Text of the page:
Horrifying Map Shows You Which Rivers In England And Wales Are Filled With Sewage

It's just the latest development in the ongoing debate about waste in UK waterways ahead of COP26.
People are worried about sewage levels in the UK
People are worried about sewage levels in the UK
Robert Brook via Getty Images

The Rivers Trust has created an interactive map pointing out which rivers in England and Wales had the greatest sewage issues.

The map, shared on Twitter by Good Law Project, comes with a warning: “Avoid entering the water immediately downstream of these discharges and avoid the overflows (brown circles), especially after it has been raining.”

According to the graphic, the worst area was around Leeds in 2020 where there were 1,008 storm overflows into rivers recorded.

Cardiff, Southampton, Newcastle upon Tyne and Liverpool also have high pollution rates in their waterways.

Just how concerned should we be?

The Environment Agency claims that raw sewage was dumped into UK waters more than 400,000 times in 2020 across more than 3.1 million hours.

Surfers Against Sewage, a campaign group pushing for cleaner waters, said work to tackle sewage pollution needs to start immediately for health and safety reasons.

It’s also a major environmental issue as rivers across the UK become contaminated with untreated waste.

It could undermine Britain’s authority ahead of the pivotal UN climate summit COP26 next week.

Why is this especially relevant now?

‘Sewage’ started trending on Twitter along with hashtags like #BrexitReality’ and ‘#RawSewageTories’ on Monday.

It followed concerns about a new Environment Bill which ministers are reportedly trying to push through Parliament before the UK hosts the UN’s climate summit in Glasgow from October 31 to November 12.

The Environment Bill is an important piece of legislation that will govern how the UK manages the pollution in its rivers, water and air following Brexit.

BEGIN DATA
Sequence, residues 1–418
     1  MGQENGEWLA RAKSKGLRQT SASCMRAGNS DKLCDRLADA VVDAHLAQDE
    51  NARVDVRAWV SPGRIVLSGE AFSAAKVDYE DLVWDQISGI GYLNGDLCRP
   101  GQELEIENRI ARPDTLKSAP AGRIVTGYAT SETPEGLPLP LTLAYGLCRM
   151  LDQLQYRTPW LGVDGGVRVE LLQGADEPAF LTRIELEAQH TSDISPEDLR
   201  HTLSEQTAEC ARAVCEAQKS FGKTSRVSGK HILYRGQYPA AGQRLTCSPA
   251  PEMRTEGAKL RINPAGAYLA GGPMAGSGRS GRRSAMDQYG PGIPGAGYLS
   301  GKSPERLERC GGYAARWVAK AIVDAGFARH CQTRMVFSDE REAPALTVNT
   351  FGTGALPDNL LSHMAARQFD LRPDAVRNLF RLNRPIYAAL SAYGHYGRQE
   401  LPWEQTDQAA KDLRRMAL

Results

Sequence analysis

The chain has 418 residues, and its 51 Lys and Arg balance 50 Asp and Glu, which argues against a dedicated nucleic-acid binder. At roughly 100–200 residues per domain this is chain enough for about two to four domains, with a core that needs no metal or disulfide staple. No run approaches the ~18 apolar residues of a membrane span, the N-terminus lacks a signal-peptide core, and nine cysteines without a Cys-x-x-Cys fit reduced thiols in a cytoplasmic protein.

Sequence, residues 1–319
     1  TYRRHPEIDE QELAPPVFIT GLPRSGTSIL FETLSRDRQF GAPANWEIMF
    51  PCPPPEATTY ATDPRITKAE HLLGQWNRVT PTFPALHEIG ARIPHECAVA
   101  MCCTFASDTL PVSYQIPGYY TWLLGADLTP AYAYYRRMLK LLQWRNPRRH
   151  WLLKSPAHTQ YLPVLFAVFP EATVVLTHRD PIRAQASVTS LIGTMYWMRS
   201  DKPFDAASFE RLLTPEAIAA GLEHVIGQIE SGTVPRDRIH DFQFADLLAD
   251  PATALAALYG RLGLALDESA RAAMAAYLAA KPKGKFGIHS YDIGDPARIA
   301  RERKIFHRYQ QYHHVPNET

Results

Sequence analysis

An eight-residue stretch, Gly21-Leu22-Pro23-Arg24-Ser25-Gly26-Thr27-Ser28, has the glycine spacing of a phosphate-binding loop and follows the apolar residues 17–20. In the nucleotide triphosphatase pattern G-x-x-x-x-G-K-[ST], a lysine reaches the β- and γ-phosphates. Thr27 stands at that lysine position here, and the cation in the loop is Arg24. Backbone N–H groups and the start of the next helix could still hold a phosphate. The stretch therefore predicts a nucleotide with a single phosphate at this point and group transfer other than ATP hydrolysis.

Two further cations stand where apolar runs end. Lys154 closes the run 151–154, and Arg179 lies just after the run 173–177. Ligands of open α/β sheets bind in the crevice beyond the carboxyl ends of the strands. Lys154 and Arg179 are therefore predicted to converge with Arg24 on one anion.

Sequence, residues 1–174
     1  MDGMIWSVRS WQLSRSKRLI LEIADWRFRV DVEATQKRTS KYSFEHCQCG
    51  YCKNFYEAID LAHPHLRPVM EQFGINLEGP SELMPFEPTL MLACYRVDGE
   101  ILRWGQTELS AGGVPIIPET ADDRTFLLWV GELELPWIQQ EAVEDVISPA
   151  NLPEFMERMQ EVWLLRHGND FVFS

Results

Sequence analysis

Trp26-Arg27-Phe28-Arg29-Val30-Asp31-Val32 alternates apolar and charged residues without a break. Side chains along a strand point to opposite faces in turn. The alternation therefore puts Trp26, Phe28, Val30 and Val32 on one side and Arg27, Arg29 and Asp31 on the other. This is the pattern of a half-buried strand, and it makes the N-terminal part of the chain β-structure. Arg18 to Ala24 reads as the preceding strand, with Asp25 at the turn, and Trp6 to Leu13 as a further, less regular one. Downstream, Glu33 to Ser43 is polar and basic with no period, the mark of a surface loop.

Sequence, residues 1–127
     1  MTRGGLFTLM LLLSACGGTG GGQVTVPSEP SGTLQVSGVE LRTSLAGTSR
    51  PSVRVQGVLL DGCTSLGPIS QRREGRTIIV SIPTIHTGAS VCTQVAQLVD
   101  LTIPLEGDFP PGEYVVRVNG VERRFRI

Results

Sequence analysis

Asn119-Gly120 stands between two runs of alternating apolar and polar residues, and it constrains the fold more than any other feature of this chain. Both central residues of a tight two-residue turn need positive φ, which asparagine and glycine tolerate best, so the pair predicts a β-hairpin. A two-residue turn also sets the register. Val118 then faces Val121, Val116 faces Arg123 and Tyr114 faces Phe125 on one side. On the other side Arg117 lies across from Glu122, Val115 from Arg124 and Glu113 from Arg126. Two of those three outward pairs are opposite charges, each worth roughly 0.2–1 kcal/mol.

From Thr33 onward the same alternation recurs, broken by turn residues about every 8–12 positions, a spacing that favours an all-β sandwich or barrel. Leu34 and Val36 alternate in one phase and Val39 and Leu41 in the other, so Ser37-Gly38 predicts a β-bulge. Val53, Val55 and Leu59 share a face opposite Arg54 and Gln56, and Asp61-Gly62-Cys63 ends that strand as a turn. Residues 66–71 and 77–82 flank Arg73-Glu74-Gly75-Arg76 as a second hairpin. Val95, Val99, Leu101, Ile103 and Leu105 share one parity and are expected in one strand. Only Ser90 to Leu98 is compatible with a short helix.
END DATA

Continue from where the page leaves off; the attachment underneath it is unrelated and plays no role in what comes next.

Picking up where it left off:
The House of Lords suggested amending the Environment Bill last week to include a legal duty on water companies in England and Wales.

Under the amendment, firms would have to improve sewage systems which are likely to be damaged by storm overflows, and “demonstrate progressive reductions in the harm caused by discharge of untreated sewage”.

MPs then voted against the amendment, by 268 votes to 204 – this means water companies can continue to pump untreated sewage into waterways.

Tory MPs were acting on the advice of environment secretary George Eustice.

Why did some MPs not support the sewage amendment?

Conservative MP Robert Courts alleged many Tories voted against it because the proposal had no plan to explain how it could actually be delivered and there had been no impact assessment.

He claimed: “In eliminating storm overflows, we are talking about transforming a system which has operated since the Victorian Era, the preliminary cost of which is estimated to be anywhere between £150bn and £650bn.”

He added that the government believes this “would have been irresponsible to have inserted this section into the bill” as it would have been the same as “signing a blank cheque”.

Addressing concerns about how effective the bill will be, a government spokesperson said: “Our landmark environment bill will transform how we protect our natural environment, make better use of our resources and clean up our air and water.

“We have listened very carefully and we’re now bringing forward changes which improve the bill and demonstrate our global leadership ahead of COP26.”

What else is in the Environment Bill?

Water companies and the Environment Agency will have to publish data on storm overflow operations every year, and publish near real-time information about any overflows – including the location and when it stops.

Water companies will have to monitor water quality upstream and downstream of a storm overflow. They’ll have to produce clear drainage and sewerage management plans too, to explain how it will cope with storm overflows.

The government did accept an amendment which extends powers to set charges for single-use items including all materials – not just plastic.

Few people support the MPs’ decision

High-profile figures including former sportsman Gary Lineker pointed out that he was “not an enormous fan of pumping raw sewage into our seas and rivers”.

Financial Times’ Jim Pickard also tweeted: “There’s a lingering disquiet about Tory MPs voting last week against an amendment to stop private water companies dumping raw sewage into rivers and coastlines…not sure they’ve gauged the public mood on this.”


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